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STREET TRASH

Another eighties-era gorefest that adds up to very little conceptually but excels in manic inspiration. It’s about bums who get a hold of flesh-melting hooch--plenty of grue ensues!

The Package
     STREET TRASH was the first and only feature directed by Jim Muro, a former GORE GAZETTE staffer who’s gone on to become a highly sought-after steadicam operator (on high-profilers like TERMINATOR 2 and TITANIC) and cinematographer (on Paul Haggis’ CRASH and RUSH HOUR 3, among others). The writer and producer was Roy Frumkes, who previously made the well-received DAWN OF THE DEAD behind-the-scenes documentary DOCUMENT OF THE DEAD, and who was allegedly inspired by Akira Kurosawa’s 1970 Japanese classic DODES’KA-DEN in scripting STREET TRASH.

The Story
     In the midst of a skuzzy big city junkyard several eccentric characters proliferate, including a gaggle of bums, an amoral mobster and the latter’s equally questionable henchmen, quite a few clueless yuppies, a crooked cop, the junkyard’s obese owner and a compassionate Asian woman who works for him. The fun begins when the manager of a nearby liquor store finds a case filled with ancient bottles of liquor, which he disseminates to the lowlifes who patronize his establishment. The first to swill the stuff is a bum who literally melts into an outdoor toilet. Next a penniless old man turns into a mass of toxic goo after taking a swig of the vile liquor; he drips onto a yuppie walking under his balcony, whose entire face is fried.
     More insanity follows, not all of it hooch-related. A woman is raped and murdered in the midst of the junkyard, and a guy gets his wang chopped off--he ends up running back and forth after the thing as several guys toss it around. But eventually the toxic liquid does nearly everyone in, including the liquor store manager who started the whole mess and the asshole mobster.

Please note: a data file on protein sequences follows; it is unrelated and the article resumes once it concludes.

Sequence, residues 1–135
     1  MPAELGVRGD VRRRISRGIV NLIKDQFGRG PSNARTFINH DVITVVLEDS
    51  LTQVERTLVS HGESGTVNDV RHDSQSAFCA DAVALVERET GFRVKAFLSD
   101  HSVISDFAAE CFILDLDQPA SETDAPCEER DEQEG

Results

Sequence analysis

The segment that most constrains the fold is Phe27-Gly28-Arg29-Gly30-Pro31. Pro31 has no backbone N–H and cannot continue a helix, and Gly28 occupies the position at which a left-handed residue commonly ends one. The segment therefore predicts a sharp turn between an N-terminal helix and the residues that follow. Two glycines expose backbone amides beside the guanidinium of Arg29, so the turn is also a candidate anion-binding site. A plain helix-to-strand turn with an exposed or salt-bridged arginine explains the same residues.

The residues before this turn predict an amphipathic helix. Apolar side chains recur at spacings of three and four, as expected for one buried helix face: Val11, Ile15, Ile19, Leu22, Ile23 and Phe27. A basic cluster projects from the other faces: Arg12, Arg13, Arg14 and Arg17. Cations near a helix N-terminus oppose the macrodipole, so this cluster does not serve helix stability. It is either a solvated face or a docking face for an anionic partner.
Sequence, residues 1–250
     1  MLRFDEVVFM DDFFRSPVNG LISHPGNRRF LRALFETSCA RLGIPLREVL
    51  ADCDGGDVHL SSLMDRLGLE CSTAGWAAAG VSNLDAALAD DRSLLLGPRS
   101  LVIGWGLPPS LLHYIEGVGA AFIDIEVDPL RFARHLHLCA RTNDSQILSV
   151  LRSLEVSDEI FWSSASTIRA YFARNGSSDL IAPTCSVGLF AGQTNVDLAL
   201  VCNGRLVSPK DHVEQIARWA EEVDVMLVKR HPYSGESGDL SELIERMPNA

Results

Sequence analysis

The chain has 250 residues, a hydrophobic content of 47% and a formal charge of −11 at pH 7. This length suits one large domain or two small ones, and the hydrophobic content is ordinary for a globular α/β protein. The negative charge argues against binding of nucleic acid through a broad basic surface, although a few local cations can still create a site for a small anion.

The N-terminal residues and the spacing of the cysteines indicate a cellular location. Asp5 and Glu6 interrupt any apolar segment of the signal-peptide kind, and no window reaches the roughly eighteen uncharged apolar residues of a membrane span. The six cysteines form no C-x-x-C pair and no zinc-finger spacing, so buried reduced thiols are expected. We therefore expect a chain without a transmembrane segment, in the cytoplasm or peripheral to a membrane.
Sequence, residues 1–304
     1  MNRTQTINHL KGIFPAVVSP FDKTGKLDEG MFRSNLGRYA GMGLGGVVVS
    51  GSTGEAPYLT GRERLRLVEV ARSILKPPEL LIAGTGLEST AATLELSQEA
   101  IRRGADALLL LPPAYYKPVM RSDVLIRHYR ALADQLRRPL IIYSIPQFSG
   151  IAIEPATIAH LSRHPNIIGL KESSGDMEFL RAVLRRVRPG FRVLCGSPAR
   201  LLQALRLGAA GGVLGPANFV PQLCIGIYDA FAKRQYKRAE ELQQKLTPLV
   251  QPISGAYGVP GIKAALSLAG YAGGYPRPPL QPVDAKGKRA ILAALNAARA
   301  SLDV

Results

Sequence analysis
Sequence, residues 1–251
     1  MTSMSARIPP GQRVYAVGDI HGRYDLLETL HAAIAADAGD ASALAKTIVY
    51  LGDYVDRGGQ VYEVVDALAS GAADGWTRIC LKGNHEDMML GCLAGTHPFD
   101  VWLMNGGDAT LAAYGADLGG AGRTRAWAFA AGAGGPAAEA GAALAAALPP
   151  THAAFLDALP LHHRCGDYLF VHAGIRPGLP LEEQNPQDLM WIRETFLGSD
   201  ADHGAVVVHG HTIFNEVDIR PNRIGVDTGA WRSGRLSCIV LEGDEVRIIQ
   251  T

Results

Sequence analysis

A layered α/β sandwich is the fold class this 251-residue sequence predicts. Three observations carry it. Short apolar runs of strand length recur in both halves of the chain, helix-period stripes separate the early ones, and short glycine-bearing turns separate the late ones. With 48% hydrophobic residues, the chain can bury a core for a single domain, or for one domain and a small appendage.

The Direction
     Jim Muro’s direction is undeniably impressive from a visual standpoint. He pulls off quite a few eye-pleasing camera moves that never feel distracting or show-offy (in direct contrast to something like Scott Spiegel’s INTRUDER), including a couple Hollywood-worthy tracking shots (Muro didn’t become one of tinsel town’s top steadicam operators for nothing). However, without a compelling story or characters even visuals as impressive as this film’s grow dull after awhile.
     Not only are there too many people to properly keep track of, but none of the characters has enough screen time to fully register. That includes the erstwhile heroine, who’s far too upstanding to be convincing as part of this gallery of lowlifes. It doesn’t surprise me that none of the actors have gone on to much in the years since (the only familiar faces are Tony Darrow, seen in GOODFELLAS and THE SOPRANOS, and FRANKENHOOKER‘S James Lorinz), and the highly disjointed, episodic narrative does them (and us) no favors.
That leaves the special effects, which are quite impressive given the low budget, easily on par with those of THE EVIL DEAD or THE DEADLY SPAWN. Of course those well made, shrewdly conceived movies provide a good example of what STREET TRASH, undeniably inspired though it is, woefully lacks.


Vital Statistics

STREET TRASH
Lightning Pictures Inc./Synapse Films

Director: Jim Muro
Producer: Roy Frumkes
Screenplay: Roy Frumkes
Cinematography: David Sperling
Editing: Dennis Werner
Cast: Mike Lackey, Bill Chepil, Vic Noto, Mark Sferrazza, Jane Arakawa, Pat Ryan, Clarenze Jarmon, Bernard Perlman, M. D’Jango Krunch, James Lorinz, Tony Darrow, Morty Storm, Sam Blasco, Bruce Torbet, Gary Auerback, Roy Frumkes

     

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